Special Report

The Healthiest States in America

Source: Nathan Masters / iStock

20. Iowa
> Premature death rate (per 100,000): 6,733 (16th lowest)
> Adult obesity rate: 35.3% (7th highest)
> Adult smoking rate: 16.6% (23rd highest)
> Median household income: $59,955 (25th highest)

Iowa makes the list of healthiest states in the country based on a wide range of factors. Only 9.6% of the population reported 14 or more days of poor physical health in a month — the second smallest share of all states — compared to a national average of 12.0%.

The low uninsured rate in the state — just 4.7% of Iowans do not have health insurance, the sixth smallest share in the country — may also be a major factor. People without health insurance are more likely than those with insurance to delay going to the doctor or forgo taking care of their health altogether.

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19. Wyoming
> Premature death rate (per 100,000): 7,412 (23rd lowest)
> Adult obesity rate: 29.0% (14th lowest)
> Adult smoking rate: 18.8% (16th highest)
> Median household income: $61,584 (20th highest)

Wyoming has one of the lowest rates of cancer-related deaths, the second leading cause of death in the United States after heart disease. There are 169.5 cancer deaths per 100,000 people in Wyoming, the sixth lowest rate in the country and way below the U.S. average of 189.3 per 100,000 people.

Diabetes, a disease that affects about a tenth of the U.S. population, is also relatively uncommon in Wyoming. An estimated 8.7% of adults in Wyoming have been diagnosed, the fifth lowest percentage in the country.

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18. Maryland
> Premature death rate (per 100,000): 7,689 (23rd highest)
> Adult obesity rate: 30.9% (25th highest)
> Adult smoking rate: 12.5% (5th lowest)
> Median household income: $83,242 (the highest)

One factor contributing to Maryland’s better-than-average health outcomes and behaviors may be income. The higher the income, the lower the likelihood of disease and premature death, as wealthier people can afford healthier diets and have more access to high-quality health care. Maryland has the highest median household income and the fourth lowest poverty rate in the country.

It also has a relatively small share of adults who drink excessively — 14.6%, compared to a U.S. average of 18.2%. Over time, excessive drinking can lead to serious problems, such as hypertension, heart disease, stroke, liver disease, and digestive problems.

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17. Nebraska
> Premature death rate (per 100,000): 6,555 (11th lowest)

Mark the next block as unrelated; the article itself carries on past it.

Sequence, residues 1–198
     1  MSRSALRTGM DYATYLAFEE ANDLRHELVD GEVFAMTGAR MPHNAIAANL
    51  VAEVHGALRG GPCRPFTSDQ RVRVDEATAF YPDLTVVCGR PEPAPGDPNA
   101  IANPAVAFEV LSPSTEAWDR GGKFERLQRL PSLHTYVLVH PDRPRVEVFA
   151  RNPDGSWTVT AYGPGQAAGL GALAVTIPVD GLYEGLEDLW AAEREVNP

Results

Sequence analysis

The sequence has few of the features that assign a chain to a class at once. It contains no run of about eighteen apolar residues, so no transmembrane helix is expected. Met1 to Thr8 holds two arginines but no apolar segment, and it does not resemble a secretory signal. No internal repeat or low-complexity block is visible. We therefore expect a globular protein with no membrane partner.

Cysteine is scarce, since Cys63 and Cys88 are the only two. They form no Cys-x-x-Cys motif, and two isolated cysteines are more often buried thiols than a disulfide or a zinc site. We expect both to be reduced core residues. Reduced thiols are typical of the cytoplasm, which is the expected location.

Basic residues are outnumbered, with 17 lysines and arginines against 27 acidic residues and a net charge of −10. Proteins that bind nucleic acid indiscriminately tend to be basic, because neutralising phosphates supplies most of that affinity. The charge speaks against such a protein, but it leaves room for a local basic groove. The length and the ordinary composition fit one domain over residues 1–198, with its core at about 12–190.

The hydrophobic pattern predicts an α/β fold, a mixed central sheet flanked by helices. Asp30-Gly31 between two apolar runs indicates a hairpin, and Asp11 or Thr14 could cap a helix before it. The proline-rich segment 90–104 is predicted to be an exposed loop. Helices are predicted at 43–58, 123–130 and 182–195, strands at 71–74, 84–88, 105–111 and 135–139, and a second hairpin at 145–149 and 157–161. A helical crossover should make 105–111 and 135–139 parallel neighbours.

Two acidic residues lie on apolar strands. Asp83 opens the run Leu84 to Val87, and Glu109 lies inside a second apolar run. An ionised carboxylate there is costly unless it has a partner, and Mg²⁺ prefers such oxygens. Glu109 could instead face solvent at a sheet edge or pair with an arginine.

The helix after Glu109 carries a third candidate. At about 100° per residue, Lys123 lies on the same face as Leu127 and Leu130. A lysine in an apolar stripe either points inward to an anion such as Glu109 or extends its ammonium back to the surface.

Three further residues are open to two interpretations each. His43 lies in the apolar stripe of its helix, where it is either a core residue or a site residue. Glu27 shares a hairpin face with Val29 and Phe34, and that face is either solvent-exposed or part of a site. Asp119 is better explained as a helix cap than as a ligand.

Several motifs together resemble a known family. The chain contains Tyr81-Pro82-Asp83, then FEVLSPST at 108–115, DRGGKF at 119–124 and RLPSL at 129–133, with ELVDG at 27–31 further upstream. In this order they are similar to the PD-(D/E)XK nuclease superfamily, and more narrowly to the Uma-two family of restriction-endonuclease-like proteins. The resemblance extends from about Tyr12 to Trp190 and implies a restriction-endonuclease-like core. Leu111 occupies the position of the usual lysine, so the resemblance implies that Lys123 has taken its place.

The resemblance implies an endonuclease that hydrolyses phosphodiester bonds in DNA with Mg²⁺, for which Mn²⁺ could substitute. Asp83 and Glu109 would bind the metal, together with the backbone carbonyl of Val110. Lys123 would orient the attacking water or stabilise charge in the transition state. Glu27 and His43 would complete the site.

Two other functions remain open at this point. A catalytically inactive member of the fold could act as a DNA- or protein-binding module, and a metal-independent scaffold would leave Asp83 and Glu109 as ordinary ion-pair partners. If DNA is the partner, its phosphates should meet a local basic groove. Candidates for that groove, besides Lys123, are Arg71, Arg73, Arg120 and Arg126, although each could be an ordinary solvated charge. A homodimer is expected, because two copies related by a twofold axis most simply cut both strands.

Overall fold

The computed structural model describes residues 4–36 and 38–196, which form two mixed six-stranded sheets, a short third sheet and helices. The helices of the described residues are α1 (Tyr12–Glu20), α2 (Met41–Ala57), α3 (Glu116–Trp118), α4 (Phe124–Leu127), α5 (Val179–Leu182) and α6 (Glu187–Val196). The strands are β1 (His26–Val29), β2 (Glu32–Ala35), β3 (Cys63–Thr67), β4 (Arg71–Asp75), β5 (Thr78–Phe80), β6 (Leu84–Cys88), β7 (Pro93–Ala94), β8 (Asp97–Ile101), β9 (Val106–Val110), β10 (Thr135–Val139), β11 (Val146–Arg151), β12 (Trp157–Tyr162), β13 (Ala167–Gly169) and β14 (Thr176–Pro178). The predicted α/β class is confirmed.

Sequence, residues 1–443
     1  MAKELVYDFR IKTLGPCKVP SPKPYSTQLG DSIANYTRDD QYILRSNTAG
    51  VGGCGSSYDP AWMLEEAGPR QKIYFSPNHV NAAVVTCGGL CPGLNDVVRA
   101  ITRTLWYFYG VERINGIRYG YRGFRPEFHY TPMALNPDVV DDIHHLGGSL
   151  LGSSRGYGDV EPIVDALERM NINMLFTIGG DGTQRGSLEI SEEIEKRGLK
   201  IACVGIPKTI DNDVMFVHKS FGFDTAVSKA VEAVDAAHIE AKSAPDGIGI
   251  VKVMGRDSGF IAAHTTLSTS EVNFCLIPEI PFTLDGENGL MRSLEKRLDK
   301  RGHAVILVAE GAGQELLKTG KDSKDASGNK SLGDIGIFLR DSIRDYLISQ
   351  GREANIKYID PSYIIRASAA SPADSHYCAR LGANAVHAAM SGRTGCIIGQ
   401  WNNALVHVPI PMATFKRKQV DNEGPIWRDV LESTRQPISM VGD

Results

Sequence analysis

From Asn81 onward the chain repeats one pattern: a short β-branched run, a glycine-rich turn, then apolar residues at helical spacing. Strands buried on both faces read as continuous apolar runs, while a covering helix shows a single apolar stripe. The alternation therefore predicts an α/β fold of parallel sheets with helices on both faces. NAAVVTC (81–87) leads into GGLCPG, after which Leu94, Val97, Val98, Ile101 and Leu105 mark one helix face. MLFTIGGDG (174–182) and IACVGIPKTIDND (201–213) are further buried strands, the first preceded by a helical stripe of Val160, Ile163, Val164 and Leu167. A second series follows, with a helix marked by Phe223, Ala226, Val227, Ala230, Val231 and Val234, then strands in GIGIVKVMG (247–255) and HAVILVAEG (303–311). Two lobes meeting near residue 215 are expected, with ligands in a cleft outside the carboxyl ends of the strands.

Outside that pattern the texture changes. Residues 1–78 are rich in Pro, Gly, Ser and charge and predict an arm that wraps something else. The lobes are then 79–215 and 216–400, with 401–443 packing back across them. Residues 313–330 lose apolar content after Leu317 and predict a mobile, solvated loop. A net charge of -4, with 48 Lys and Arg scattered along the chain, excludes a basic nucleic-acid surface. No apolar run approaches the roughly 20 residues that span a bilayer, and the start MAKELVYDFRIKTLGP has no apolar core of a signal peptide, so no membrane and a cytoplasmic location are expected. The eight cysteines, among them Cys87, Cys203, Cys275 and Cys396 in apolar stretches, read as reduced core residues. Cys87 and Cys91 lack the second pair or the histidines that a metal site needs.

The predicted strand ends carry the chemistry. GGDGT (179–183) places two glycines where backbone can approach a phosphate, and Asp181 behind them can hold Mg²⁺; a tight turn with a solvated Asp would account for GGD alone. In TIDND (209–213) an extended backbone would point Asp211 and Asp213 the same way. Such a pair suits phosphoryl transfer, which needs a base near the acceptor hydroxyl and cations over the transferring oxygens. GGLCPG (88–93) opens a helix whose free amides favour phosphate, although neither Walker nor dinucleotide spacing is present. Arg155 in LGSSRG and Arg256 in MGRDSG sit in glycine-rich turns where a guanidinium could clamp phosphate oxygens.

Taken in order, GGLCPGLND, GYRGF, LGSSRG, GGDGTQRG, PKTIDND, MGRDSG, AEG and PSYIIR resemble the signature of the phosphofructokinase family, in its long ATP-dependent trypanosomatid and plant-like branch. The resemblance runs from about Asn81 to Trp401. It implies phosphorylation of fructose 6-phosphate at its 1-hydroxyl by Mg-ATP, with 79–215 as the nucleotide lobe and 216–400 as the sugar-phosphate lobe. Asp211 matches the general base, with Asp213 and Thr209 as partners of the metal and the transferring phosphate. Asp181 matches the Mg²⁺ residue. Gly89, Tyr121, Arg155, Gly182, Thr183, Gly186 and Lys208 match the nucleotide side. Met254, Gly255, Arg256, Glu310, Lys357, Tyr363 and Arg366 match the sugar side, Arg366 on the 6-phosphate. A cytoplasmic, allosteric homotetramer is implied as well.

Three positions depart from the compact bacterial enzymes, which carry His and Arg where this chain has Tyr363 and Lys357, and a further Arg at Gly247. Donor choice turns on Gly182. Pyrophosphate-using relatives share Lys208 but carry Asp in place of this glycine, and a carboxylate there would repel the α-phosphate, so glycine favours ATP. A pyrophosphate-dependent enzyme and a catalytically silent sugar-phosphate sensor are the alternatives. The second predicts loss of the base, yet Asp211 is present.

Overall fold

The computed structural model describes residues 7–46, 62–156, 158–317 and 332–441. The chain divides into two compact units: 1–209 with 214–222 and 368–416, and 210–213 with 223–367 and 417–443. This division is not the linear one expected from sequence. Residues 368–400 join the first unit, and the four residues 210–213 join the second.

> Adult obesity rate: 34.1% (15th highest)
> Adult smoking rate: 16.0% (24th lowest)
> Median household income: $59,566 (25th lowest)

Compared to the rest of the country, relatively few people in Nebraska report frequent mental or physical distress. Only 11.2% of the state’s adult population reported 14 or more days of poor mental health in one month, the 10th smallest share in the country. There is a strong correlation between frequent mental distress and diagnosed mental disorders, such as depression and anxiety, according to the United Health Foundation. About 10.2% reported 14 or more days of poor physical health in one month, the sixth smallest share in the United States.

Nebraskans also have relatively healthy behaviors. For example, from 2015 to 2017 there were just 7.2 drug-related deaths per 100,000 residents a year, less than half the national rate and the lowest rate in the country.

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16. Idaho
> Premature death rate (per 100,000): 6,669 (15th lowest)
> Adult obesity rate: 28.4% (12th lowest)
> Adult smoking rate: 14.7% (16th lowest)
> Median household income: $55,583 (15th lowest)

Idaho has a low rate of preventable hospitalizations, a measure that reflects how efficiently people use outpatient services as well as the overall quality of health care in a state. There are 32.3 preventable hospitalizations per 1,000 Medicare enrollees — the fourth lowest rate — compared to the national rate of 49.4 per 1,000. Public health funding may also play a role in Idaho’s ranking among the healthiest states. The state spends an average of $150 per person on public health annually, the fourth largest amount, compared to a national average of $87 per person. The money is used to pay for programs promoting physical activity, healthy nutrition, and smoking prevention.

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